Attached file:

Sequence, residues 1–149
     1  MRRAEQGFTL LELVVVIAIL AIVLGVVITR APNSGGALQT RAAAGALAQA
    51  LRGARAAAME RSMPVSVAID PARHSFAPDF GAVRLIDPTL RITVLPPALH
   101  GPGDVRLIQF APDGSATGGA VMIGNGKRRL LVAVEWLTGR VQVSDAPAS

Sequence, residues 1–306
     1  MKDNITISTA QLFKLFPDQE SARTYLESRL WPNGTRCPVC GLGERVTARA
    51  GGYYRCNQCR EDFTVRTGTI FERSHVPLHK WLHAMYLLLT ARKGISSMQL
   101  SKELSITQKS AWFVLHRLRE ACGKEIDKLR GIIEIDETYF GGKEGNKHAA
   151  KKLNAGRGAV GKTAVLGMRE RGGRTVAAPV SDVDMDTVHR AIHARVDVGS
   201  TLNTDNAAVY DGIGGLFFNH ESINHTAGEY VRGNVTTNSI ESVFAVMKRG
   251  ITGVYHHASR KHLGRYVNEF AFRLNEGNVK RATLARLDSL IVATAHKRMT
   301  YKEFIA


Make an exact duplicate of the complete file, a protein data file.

Sequence, residues 1–149
     1  MRRAEQGFTL LELVVVIAIL AIVLGVVITR APNSGGALQT RAAAGALAQA
    51  LRGARAAAME RSMPVSVAID PARHSFAPDF GAVRLIDPTL RITVLPPALH
   101  GPGDVRLIQF APDGSATGGA VMIGNGKRRL LVAVEWLTGR VQVSDAPAS

Sequence, residues 1–306
     1  MKDNITISTA QLFKLFPDQE SARTYLESRL WPNGTRCPVC GLGERVTARA
    51  GGYYRCNQCR EDFTVRTGTI FERSHVPLHK WLHAMYLLLT ARKGISSMQL
   101  SKELSITQKS AWFVLHRLRE ACGKEIDKLR GIIEIDETYF GGKEGNKHAA
   151  KKLNAGRGAV GKTAVLGMRE RGGRTVAAPV SDVDMDTVHR AIHARVDVGS
   201  TLNTDNAAVY DGIGGLFFNH ESINHTAGEY VRGNVTTNSI ESVFAVMKRG
   251  ITGVYHHASR KHLGRYVNEF AFRLNEGNVK RATLARLDSL IVATAHKRMT
   301  YKEFIA